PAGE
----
|List of urban bus lines in Milan|
|List of interurban bus lines in Milan|
Public transport statisticsEdit
The average amount of time people spend commuting with public transit in Milan on a weekday is 64 min. 14% of public transit riders ride for more than 2 hours every day. The average amount of time people wait at a stop or station for public transit is 11 min, while 12% of riders wait for over 20 minutes on average every day. The average distance people usually ride in a single trip with public transit is 7.7 km, while 14% travel for over 12 km in a single direction.
National and international railEdit
Milan is one of the most important hubs for the national and international rail network in Italy. Milan Central station is the second station in Italy both for size and passengers after Rome. It is also the main node for high-speed rail lines in northern Italy. Milano Cadorna and Milano Porta Garibaldi stations are respectively the seventh and the eleventh busiest stations in Italy. Because of its position, Milan is also the main gateway for international passenger traffic to Europe. Daily international destinations include Bern, Lugano, Geneve, Zurich, Paris, Nice, Marseille, Wien, Barcelona and Munich.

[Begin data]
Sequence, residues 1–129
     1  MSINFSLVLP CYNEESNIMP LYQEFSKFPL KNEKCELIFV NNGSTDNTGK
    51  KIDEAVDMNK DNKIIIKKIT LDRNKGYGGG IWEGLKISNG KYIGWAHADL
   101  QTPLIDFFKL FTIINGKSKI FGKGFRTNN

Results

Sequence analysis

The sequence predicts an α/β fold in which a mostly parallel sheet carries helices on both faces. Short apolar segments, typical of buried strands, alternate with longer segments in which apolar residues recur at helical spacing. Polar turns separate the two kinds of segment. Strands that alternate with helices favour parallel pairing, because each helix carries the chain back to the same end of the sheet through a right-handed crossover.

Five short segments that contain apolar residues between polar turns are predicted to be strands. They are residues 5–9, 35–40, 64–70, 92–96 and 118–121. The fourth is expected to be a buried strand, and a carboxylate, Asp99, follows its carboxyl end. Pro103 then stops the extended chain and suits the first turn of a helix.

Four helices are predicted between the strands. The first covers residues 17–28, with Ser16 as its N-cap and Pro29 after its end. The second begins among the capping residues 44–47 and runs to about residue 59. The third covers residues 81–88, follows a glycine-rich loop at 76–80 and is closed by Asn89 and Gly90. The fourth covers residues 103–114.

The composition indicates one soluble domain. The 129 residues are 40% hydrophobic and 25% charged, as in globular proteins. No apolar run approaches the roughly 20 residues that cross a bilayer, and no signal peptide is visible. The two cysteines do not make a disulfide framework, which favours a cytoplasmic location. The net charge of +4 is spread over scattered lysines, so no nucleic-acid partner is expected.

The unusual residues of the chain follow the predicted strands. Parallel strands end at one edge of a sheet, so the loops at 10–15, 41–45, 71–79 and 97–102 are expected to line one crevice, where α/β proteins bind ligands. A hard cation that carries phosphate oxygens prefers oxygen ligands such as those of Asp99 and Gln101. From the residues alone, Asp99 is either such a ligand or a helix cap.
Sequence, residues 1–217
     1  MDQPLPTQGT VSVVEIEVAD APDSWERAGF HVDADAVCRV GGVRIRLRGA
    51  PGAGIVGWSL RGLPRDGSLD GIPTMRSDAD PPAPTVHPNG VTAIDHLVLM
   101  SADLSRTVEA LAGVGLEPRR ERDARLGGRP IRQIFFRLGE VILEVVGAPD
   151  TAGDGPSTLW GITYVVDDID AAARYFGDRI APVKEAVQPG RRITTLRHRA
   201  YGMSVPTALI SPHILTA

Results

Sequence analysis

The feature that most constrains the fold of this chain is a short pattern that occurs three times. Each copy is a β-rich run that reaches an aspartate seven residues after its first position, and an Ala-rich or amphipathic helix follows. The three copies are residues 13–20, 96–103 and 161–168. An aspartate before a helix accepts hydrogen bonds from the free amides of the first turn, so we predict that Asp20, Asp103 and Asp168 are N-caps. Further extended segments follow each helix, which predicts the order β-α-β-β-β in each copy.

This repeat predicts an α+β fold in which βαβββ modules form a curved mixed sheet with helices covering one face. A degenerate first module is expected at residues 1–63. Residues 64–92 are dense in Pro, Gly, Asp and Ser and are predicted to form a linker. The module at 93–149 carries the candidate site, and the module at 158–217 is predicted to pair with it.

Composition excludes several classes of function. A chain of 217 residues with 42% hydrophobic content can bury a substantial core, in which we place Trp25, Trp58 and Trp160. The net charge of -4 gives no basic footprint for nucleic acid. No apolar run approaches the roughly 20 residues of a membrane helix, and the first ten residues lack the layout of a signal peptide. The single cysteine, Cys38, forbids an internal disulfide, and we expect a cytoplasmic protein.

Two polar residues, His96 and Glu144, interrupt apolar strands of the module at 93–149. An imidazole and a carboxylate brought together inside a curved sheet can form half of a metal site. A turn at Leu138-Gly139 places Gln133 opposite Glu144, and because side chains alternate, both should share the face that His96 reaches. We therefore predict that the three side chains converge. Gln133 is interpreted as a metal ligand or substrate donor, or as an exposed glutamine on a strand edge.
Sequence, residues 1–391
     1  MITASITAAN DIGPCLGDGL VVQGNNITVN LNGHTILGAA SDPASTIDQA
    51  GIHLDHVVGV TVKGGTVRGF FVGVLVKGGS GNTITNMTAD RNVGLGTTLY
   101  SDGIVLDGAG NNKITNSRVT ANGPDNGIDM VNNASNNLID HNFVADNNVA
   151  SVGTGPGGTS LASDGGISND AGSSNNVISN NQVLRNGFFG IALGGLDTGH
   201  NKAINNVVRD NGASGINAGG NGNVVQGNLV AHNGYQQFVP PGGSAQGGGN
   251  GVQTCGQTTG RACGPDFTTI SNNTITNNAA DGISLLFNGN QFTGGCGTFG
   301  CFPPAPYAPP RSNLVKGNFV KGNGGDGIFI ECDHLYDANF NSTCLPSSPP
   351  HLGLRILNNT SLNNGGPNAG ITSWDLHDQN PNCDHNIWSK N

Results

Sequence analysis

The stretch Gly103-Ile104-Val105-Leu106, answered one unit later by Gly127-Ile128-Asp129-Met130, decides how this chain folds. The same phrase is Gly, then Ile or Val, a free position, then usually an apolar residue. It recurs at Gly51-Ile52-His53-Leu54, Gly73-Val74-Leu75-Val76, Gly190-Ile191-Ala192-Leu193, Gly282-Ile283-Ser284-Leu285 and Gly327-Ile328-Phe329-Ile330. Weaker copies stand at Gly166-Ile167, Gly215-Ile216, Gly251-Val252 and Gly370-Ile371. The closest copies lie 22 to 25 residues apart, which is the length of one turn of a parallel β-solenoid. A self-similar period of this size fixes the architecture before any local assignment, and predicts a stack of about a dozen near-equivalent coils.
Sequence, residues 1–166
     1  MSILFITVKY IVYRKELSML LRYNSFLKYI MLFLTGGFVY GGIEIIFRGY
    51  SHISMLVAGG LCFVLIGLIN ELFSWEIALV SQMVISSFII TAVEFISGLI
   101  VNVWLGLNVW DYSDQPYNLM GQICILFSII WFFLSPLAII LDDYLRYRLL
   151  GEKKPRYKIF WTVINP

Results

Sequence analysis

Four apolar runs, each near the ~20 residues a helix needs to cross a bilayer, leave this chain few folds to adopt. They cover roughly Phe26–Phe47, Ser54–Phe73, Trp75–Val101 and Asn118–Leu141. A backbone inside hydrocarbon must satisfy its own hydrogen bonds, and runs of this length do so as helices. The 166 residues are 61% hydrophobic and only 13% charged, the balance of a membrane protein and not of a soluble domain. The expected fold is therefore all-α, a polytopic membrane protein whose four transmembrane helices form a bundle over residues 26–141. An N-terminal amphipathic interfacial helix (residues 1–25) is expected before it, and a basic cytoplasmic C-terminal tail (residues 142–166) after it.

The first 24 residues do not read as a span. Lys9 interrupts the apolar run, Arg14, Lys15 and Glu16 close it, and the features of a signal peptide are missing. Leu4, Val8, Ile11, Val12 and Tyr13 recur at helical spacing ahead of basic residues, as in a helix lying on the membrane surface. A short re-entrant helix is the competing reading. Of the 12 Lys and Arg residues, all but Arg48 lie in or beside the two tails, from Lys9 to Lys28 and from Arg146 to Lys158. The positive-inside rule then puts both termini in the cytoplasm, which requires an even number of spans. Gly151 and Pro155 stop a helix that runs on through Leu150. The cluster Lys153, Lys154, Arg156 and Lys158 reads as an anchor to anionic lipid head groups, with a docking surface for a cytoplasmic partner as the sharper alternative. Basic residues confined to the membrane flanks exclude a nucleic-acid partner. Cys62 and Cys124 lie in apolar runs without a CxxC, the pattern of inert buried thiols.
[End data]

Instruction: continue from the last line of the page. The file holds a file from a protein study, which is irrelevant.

Milan is also the core of Lombardy's regional train network. Regional trains were operated on two different systems by LeNord (departing from Milano Cadorna) and Trenitalia (departing from Milan Centrale and Milano Porta Garibaldi). Begininning in 2011, a new company, Trenord, operates both Trenitalia and LeNord regional trains in Lombardy.
Milan is a key node for the Italian road network, being the junction between the east-west A4 highway to Turin and Venice and the north-south A1 highway to Rome and Naples. Other important highways, such as the A7 to Genova and the A8-A9 to Switzerland, also serve the city. Highways reaching Milan are linked together by a ring road formed by the 3 tangenziali (the A50, A51 and A52) and part of the A4 highway, with a total length of over 100 km around the city.